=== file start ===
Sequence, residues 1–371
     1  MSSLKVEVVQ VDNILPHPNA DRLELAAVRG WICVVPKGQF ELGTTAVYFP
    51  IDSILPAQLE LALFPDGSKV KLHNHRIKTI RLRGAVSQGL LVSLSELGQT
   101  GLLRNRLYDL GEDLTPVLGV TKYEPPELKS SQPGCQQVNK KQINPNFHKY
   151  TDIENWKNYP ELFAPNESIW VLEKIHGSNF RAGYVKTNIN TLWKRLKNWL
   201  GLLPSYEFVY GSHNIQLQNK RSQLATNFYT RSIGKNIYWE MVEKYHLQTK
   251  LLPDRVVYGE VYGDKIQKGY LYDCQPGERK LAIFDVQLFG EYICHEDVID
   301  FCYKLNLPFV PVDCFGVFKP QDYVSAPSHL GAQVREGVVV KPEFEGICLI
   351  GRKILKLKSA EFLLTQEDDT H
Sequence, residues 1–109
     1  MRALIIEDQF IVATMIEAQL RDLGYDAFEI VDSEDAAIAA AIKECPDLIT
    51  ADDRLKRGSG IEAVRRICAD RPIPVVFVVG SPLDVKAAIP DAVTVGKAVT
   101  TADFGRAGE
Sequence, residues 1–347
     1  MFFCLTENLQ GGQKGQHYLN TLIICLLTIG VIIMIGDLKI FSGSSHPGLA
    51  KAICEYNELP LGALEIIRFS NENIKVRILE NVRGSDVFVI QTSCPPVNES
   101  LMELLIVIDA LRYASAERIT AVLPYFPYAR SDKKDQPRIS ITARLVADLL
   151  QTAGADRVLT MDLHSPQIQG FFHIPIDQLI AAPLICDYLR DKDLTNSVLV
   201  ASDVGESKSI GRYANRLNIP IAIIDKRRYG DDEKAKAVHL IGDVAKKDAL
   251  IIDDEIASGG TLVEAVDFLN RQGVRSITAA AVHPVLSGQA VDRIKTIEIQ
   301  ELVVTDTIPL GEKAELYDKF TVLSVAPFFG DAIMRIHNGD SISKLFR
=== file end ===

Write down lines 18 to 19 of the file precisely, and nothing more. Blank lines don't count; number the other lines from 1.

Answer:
   151  QTAGADRVLT MDLHSPQIQG FFHIPIDQLI AAPLICDYLR DKDLTNSVLV
   201  ASDVGESKSI GRYANRLNIP IAIIDKRRYG DDEKAKAVHL IGDVAKKDAL